Naturally, any limitations that may infuse Apple Watch apps with this sense of sharp focus – and even influence apps elsewhere – won't last forever, and developers are already looking forward to the next step.
"In the current SDK, there are only two supported navigation styles – hierarchical and page-based – and the entire app needs to run as an extension on an iPhone," says Müller-Simhofer. "I suspect apps which define this new platform will be those that run natively on Apple Watch, with full access to hardware sensors. But that will have to wait for the native SDK – hopefully later this year."
OfficeTime founder Stephen Dodd is also eager for when Apple will let developers do more. "What we're seeing is the infancy of Apple Watch development, and we'll look back on it as we do now on early iPhone apps. They did their job, but in retrospect could be cumbersome and lacking in variation. However, they also helped people get accustomed to a new device." But with full access to haptics and Siri, or devising custom gestures, he says "we could create a whole new class of apps".
For now, though, we simply have what Dodd calls a "magical, minimalist platform", where developers will have a huge part to play in its success. "Third-party developers will be key, because it's their creations that will shape what the device is all about," asserts developer Jamie Maison. "Right now, Apple doesn't really have a marketing focus for Apple Watch, because no-one really knows what it will be most useful for."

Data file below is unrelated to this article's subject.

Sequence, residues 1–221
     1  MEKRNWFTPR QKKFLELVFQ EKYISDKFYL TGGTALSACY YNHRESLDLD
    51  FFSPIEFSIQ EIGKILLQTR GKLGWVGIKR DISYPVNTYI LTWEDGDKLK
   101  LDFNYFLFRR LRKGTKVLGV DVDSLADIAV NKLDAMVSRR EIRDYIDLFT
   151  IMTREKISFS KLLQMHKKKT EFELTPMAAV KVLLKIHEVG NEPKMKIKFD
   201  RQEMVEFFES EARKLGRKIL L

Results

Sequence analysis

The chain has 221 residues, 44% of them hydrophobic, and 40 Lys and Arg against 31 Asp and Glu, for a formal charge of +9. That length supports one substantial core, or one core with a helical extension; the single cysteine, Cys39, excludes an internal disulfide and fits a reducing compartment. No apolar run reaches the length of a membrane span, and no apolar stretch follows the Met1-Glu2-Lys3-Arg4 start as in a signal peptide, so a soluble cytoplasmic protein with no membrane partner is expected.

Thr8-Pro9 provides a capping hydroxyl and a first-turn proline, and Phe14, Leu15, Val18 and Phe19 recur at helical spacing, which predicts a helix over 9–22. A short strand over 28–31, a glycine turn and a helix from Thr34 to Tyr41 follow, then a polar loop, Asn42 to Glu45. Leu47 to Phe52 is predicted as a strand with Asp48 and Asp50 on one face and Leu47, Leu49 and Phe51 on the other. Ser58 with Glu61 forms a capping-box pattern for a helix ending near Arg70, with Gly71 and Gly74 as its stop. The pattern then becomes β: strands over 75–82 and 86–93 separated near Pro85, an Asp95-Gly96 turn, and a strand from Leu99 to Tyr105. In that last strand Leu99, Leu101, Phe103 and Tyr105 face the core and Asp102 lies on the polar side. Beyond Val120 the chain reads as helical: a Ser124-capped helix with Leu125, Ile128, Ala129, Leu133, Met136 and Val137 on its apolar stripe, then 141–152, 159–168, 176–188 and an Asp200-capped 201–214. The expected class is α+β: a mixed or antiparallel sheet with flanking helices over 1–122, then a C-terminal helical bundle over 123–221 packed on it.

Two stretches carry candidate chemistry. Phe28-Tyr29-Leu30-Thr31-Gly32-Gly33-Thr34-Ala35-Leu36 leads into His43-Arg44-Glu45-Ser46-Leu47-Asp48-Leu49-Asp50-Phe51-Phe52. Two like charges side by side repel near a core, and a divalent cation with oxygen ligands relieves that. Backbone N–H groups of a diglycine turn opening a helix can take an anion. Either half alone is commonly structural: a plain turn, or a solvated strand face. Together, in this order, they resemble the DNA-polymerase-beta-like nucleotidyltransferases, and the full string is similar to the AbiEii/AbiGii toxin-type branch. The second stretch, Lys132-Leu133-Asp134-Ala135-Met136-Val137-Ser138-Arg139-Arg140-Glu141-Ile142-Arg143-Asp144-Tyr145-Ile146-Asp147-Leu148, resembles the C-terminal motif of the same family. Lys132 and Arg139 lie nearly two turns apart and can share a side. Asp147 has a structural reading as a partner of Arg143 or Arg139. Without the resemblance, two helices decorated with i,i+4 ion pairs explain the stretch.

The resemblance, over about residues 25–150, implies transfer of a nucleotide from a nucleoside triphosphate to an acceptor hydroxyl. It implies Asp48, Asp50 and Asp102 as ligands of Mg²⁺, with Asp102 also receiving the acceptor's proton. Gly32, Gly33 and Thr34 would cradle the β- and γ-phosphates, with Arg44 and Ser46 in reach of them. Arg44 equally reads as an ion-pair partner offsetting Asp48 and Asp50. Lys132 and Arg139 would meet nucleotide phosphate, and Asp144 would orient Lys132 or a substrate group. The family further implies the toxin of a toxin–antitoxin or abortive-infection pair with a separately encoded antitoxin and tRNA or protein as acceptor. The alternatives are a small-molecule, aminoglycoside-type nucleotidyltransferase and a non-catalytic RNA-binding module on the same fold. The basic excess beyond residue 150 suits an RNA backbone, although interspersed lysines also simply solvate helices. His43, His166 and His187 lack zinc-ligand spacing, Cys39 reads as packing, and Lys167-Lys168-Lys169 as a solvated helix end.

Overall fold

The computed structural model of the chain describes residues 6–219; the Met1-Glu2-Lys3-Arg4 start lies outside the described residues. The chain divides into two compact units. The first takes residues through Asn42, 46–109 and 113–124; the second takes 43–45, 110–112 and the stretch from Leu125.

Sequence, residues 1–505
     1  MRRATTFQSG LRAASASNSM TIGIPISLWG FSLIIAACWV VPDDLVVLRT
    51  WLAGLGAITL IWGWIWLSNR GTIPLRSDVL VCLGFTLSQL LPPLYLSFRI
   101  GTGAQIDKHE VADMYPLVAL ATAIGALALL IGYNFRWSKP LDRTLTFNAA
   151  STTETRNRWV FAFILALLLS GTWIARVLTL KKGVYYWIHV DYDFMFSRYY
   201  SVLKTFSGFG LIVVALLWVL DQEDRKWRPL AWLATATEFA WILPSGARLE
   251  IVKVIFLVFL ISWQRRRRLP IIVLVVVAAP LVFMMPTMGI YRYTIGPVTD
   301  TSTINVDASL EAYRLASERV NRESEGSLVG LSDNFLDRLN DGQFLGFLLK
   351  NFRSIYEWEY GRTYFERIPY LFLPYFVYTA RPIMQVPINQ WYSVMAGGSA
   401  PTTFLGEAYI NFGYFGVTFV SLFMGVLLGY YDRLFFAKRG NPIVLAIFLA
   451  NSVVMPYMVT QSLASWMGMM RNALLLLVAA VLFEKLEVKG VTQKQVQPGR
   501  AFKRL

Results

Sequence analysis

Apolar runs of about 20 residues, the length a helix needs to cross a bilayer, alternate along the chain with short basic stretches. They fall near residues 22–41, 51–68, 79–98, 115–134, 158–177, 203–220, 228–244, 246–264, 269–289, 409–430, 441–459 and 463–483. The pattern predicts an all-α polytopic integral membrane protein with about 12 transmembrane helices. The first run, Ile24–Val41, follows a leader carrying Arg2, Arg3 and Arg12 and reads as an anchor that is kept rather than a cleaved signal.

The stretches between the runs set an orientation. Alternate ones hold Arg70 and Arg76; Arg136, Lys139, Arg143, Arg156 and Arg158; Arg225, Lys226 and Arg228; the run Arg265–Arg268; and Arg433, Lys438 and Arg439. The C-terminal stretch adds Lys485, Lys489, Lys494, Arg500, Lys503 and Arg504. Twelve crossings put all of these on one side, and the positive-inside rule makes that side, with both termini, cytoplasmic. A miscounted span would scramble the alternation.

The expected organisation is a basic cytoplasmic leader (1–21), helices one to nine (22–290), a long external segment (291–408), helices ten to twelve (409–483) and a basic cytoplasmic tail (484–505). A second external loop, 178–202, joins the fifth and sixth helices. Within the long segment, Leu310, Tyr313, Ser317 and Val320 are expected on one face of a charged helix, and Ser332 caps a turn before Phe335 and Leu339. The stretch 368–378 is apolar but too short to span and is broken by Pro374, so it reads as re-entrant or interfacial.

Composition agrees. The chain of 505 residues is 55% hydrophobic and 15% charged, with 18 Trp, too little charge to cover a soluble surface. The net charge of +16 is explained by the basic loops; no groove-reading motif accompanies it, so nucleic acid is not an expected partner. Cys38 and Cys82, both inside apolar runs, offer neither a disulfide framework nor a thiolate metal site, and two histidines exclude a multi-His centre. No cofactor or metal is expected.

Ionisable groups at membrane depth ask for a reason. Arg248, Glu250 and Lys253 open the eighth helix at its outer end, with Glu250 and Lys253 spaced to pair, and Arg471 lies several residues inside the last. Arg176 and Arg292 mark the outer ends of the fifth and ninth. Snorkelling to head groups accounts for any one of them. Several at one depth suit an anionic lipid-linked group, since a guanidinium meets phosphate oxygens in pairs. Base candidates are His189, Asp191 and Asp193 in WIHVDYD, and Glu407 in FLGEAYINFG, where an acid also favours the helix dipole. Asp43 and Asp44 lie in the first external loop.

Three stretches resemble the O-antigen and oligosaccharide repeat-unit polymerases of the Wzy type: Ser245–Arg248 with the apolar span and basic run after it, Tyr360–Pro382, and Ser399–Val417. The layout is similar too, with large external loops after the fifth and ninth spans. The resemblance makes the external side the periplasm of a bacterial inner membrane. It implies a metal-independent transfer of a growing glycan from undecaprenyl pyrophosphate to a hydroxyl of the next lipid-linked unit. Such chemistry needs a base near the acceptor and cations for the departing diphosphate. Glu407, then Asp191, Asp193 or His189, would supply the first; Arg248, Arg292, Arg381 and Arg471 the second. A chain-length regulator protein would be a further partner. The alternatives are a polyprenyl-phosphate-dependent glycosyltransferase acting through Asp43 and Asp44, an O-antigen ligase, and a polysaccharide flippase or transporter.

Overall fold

He says when the iPhone was released, Apple called it a phone, music player and internet communication device, yet today its main focus is not necessarily any of these things: "Its success instead stems from the sheer magnitude of innovative and useful apps produced by developers around the world. The same will be true of Apple Watch."
Words: Craig Grannell
Craig Grannell is a writer, designer, journalist and long-time contributor to net magazine. Follow him on Twitter @CraigGrannell.
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